Primary Prostate Cancer Establishes a Suppressive Immune Microenvironment
- In this study, high-resolution, single-cell RNA sequencing was used to characterize changes in tumor, immune and non-immune stromal cells within the prostate tumor microenvironment
- The findings were complemented by spatial transcriptomic analysis and a novel computational method for context-specific analysis of the transcriptional impact of tumor cells on neighboring stromal cells
- Key observations were that primary prostate cancer establishes a suppressive immune microenvironment and the tumor microenvironment exhibits a high angiogenic gene expression pattern
- Tumor-induced alterations of neighboring cells were found to promote tumorigenesis and progression
- The findings speak to how prostate tumors avoid the immune system and set up a tumor permissive niche on the road to progression and metastasis; this combined dataset will help the field identify areas of vulnerability amenable to therapeutic intervention
Localized prostate cancer has been extensively studied with bulk transcriptomic and genomic sequencing approaches, which provided insights into oncogenic drivers and recurrent molecular changes.
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Now, researchers at Massachusetts General Hospital have become the first to rigorously characterize immune cells within the prostate microenvironment at the single-cell level. In Nature Communications, they describe a highly immune suppressive tumor microenvironment (TME) that exhibits high stromal angiogenic activity, among other findings that should aid in developing new therapies.
The work was conducted by a multidisciplinary team, including Taghreed Hirz, PhD, and Shenglin Mei, PhD, research fellows in the Center for Regenerative Medicine at Mass General, David B. Sykes, MD, PhD, hematologist and principal investigator in the Center, Philip J. Saylor, MD, a physician investigator at the Mass General Cancer Center, and colleagues.
The research team collected fresh prostate tissue samples from 19 treatment-naive patients who underwent radical prostatectomy. In 15 of those, matched benign prostate tissue adjacent to the tumor was also sampled. Control prostate tissue was collected from four patients who underwent cystoprostatectomy for bladder cancer and one rapid autopsy of a patient who died of metastatic non-small cell lung cancer.
The prostate TME typically contains few immune cells. The team processed the tissues using a dissociation protocol that enriched and preserved immune cells, then examined the immune microenvironment at high resolution via single-cell RNA sequencing.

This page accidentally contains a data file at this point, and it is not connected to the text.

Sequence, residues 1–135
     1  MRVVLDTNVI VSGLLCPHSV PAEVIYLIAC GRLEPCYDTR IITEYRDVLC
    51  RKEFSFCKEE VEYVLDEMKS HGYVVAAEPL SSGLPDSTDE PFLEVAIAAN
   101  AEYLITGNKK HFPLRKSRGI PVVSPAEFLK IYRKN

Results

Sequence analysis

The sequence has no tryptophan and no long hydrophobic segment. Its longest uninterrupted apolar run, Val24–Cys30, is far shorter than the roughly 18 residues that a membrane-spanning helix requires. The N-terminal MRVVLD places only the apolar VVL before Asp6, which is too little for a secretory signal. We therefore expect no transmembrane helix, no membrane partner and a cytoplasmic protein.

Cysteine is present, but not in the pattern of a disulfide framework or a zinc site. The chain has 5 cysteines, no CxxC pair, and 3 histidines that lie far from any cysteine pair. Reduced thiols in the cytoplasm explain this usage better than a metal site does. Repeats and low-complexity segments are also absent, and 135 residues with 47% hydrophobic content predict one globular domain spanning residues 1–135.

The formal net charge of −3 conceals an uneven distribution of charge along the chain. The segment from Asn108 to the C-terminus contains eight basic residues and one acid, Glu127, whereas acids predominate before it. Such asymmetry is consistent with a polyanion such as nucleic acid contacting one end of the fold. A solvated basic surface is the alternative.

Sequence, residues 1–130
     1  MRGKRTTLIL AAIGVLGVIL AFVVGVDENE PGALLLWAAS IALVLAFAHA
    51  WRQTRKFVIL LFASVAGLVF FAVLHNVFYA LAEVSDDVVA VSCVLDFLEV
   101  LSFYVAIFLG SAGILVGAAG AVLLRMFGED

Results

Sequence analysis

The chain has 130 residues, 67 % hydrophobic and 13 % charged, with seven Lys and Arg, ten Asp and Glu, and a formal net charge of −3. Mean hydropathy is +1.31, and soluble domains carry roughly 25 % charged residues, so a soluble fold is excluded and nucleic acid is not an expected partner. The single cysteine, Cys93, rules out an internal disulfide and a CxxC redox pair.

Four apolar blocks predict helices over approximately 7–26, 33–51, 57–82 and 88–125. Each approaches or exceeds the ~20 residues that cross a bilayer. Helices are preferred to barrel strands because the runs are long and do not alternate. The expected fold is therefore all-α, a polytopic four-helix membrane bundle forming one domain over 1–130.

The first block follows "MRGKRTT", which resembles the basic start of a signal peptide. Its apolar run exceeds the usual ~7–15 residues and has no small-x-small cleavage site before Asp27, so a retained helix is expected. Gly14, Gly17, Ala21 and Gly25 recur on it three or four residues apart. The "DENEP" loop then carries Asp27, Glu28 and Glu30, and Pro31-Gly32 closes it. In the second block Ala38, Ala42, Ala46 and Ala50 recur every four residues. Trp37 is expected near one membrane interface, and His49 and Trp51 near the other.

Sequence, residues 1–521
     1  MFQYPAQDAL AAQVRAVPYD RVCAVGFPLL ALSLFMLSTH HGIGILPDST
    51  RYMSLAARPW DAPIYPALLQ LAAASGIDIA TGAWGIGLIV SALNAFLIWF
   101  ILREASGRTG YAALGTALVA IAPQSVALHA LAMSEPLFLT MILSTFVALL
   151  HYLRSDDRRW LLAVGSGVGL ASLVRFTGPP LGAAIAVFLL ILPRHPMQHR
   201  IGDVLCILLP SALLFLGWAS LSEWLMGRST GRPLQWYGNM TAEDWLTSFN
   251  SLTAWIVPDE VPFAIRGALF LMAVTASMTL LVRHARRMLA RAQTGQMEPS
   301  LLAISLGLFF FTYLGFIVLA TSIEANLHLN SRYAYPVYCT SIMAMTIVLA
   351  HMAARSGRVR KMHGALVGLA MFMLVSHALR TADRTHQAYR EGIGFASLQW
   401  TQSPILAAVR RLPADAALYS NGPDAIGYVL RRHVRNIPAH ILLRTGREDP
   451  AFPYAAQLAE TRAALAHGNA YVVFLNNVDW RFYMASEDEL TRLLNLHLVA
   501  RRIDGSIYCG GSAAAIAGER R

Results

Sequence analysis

To validate their single-cell findings, the researchers used a highly detailed spatial transcriptomic technique (Slide-seqV2) where the tissue architecture and cell–cell proximity relationships were preserved. They developed a new computational method to examine the transcriptional impact of tumor cells on neighboring stromal cells.
The principal findings were:
Epithelial cells—Detection of genomic aberrations distinguished normal and malignant epithelial cells, and by deriving a succinct prostate tumor gene signature, it was possible to identify tumor samples across four independent datasets.
Angiogenic activity—Endothelial cells were involved in sprouting angiogenesis and vascular endothelial growth factor pathways, as well as upregulation of cell migration and proliferation pathways relevant to prostate cancer progression.
Immune microenvironment—Tumor-inflammatory monocytes scored highest for accumulation of myeloid-derived suppressor cells, and that gene signature was significantly higher in tumor cells than healthy tissue, suggesting a role for tumor-inflammatory monocytes in prostate tumor growth through immunosuppressive activity.
Lymphoid compartment—Cytotoxic T cells and natural killer cells showed high exhaustion signatures in the tumor fraction; there were no significant differences in T cells between low-grade and high-grade cases, suggesting even low-grade tumors had already established a highly immunosuppressive microenvironment.
It's hoped that this combined dataset of single-cell and spatial transcriptomic analysis will prove broadly useful for the field. Biological validation of relationships between tumors and adjacent immune and stromal cells will lead to better understanding of prostate cancer progression and should identify new therapeutic targets.
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